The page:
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The B.Fl., iii, 221, localities for E. drepanophylla will be found referred to at Part X, p. 333. So far as I know, E. drepanophylla is confined to Queensland, and its recorded localities are from the coast and coastal ranges from Maryborough to Cairns, but it may be confidently predicted it will be found north, south and west of the places indicated. The following specimens belong, in my view, to E. drepanophylla. Nos. 1–3 are from the Port Denison district, and are probably all typical:—

1. “Ironbark, the flowers white and sweet-scented; this is a very low (high—a correction by Dallachy) stunted tree in this country. Edgecombe, 15th August, 1863. No fruit.” (Copy of Dallachy's label endorsed by Mueller “Eucalyptus drepanophylla Ferd. Mueller.” This specimen has a second “Botanical Museum of Melbourne” label, in Mueller's handwriting, “Eucalyptus drepanophylla F.M., Port Denison,” and this was seen by Bentham. It is undoubtedly the type.

2. Port Denison (Fitzalan). Specimen marked “Eucalyptus drepanophylla” by Mueller. Buds and anthers of this were figured as E. leptophleba, Pl. 48, fig. 4. (Mueller has a note:—“The tree from Port Denison, alluded to under E. Bowmani by Bentham in B.Fl., iii, 220, belongs to E. drepanophylla.” (Eucalyptogrophia, under E. Baileyana.)

3. “Eucalyptus drepanophylla Ferd. Mueller. Burdekin Expedition. Euc. crebra var.” (Copy of a label in Mueller's handwriting, seen by Bentham.)

Mount Elliott (south-west of Bowling Green Bay) in flower only (Fitzalan); (E. drepanophylla, so labelled by Mueller). This locality is a little north of Bowen.

Ironbark, Charters Towers (H. B. Walker, 1903). These specimens, in mature leaf, buds and flowers, with a piece of bark, appear to be E. drepanophylla. This locality is only a few miles inland from Bowen, home of the type.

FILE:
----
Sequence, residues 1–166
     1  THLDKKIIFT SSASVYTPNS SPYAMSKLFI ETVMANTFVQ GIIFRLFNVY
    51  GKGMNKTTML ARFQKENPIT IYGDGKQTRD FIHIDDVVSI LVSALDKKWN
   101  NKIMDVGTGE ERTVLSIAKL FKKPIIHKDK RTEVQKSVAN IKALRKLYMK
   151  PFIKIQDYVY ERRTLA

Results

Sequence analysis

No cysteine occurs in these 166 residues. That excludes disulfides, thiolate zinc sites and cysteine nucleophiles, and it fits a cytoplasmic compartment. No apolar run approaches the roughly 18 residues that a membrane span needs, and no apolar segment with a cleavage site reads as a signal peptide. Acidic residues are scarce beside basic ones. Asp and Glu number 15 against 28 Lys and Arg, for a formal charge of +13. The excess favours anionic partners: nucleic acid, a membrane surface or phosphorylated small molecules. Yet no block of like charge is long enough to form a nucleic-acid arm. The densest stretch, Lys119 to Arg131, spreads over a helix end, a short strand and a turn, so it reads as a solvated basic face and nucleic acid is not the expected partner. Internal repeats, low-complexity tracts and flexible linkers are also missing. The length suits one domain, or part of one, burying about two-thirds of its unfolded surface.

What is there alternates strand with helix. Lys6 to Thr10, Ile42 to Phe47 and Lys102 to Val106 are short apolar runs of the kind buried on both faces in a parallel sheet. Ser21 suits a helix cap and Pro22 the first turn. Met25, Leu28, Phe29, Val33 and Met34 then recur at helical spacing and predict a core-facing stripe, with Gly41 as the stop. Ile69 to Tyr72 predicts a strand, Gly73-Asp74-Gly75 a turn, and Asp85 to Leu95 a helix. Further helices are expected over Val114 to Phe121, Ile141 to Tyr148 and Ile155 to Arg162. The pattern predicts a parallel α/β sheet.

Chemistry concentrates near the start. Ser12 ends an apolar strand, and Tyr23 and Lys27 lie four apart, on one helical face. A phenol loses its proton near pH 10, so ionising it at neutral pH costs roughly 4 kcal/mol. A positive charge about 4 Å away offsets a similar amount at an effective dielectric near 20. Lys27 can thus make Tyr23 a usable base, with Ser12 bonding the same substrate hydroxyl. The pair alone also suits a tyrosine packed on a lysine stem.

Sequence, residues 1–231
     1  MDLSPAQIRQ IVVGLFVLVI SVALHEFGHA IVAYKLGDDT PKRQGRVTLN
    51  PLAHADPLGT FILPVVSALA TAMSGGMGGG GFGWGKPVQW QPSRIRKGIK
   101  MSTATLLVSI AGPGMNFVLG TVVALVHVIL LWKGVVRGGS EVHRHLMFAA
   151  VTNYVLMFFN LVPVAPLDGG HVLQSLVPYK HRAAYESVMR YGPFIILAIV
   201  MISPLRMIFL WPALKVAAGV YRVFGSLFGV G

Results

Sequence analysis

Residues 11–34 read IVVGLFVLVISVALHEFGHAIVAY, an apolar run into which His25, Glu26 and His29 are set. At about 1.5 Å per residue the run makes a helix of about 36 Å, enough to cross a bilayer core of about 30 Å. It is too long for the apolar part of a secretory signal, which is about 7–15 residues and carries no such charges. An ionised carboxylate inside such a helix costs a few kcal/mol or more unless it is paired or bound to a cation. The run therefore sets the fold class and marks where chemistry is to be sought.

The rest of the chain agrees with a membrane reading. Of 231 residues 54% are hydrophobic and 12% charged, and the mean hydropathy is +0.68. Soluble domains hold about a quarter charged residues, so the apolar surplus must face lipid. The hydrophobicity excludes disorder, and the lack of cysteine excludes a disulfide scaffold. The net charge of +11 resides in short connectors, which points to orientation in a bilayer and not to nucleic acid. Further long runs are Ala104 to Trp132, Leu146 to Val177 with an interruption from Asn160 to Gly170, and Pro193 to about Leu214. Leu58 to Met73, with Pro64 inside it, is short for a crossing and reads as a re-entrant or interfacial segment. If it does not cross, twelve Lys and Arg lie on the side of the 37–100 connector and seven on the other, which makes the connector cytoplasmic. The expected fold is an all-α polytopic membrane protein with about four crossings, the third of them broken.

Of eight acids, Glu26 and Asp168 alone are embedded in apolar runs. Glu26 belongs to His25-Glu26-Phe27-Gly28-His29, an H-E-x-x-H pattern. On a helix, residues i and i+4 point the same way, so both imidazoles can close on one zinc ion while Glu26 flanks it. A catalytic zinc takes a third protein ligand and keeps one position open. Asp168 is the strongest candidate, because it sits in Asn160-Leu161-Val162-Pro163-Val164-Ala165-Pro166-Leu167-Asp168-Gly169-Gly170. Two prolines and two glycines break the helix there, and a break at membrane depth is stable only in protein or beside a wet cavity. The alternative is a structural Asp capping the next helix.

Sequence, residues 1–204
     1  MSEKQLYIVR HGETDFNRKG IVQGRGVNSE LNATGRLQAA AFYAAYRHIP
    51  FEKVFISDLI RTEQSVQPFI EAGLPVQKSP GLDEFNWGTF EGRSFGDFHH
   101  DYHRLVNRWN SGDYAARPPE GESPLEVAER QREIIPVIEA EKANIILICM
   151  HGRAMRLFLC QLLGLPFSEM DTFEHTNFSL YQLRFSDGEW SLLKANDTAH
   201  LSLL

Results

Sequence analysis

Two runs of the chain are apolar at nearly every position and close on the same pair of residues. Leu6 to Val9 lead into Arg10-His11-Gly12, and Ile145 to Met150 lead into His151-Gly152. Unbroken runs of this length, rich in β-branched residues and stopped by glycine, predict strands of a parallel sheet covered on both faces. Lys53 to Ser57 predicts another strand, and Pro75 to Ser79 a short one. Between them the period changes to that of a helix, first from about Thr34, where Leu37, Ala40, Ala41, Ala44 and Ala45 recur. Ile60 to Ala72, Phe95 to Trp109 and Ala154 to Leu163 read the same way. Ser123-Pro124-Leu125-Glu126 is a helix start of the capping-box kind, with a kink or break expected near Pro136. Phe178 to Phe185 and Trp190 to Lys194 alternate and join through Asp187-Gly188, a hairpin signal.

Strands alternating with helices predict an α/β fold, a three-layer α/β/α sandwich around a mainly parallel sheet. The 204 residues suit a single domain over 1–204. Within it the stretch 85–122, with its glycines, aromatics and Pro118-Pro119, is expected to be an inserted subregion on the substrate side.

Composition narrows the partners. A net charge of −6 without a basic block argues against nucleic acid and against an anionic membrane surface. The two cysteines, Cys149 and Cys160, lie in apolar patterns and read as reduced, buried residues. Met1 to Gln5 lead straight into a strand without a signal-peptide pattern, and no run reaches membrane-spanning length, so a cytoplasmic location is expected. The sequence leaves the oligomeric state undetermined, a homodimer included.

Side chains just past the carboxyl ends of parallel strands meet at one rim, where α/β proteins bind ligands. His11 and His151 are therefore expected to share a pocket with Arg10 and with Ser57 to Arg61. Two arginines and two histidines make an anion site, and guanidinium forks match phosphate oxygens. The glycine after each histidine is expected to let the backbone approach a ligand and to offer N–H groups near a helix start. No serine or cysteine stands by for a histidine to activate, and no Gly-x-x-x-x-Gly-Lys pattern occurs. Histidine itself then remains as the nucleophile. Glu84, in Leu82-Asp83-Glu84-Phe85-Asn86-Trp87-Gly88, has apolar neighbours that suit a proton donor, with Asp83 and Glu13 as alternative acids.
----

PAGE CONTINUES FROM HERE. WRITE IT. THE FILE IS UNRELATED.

Cleveland Bay (Townsville), in bud, pale-coloured operculum (S. (?)' (Stephen Johnson, 1876); (labelled E. drepanophylla by Mueller). “Narrow-leaved Ironbark,” Reid River, via Townsville. (Nicholas Daley and G. R. Skelton, through Dr. J. Shirley.)

Near Atherton, back of Cairns (District Forester H. W. Mocatta).

Stannary Hills, near Irvinebank (Dr. T. L. Bancroft, 17th March, 1901, and later dates. In June, 1909, Dr. Bancroft writes: “With rough bark, up to 100 feet high and 2 feet in diameter; timber red.” He informs me that the late Mr. F. M. Bailey named it E. crebra. This is the most northerly locality known to me.

Now let us go south from Bowen, the type locality, and we have:—

“North Coast,” R.Br., 1802–5, not in fruit, pale-coloured operculum; (probably either Keppel Bay or Shoalwater Bay, as quoted in B.Fl., iii, 221, under E. drepanophylla).

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Mullet Creek, between Bundaberg and Gladstone, North Coast Railway (Chief Engineer for Railways, through C. T. White).

The common Ironbark of the district, medium to large-sized trees, 30–60 feet high, fairly plentiful. Mount Perry (J. L. Boorman).

Parish Boondooma, Burnett district (S. J. Higgins, through C. T. White, No. 11). “Narrow-leaf Ironbark.” “A form of E. crebra, with Weeping Willow habit. A really pretty tree; I have often wondered if it is a hybrid.” Eidsvold, Upper Burnett River (Dr. T. L. Bancroft.) These specimens, varying somewhat in width and texture of leaf, show how difficult it is to separate E. crebra and E. drepanophylla. Both of these localities are a little west of Maryborough, and form our most southerly records at present.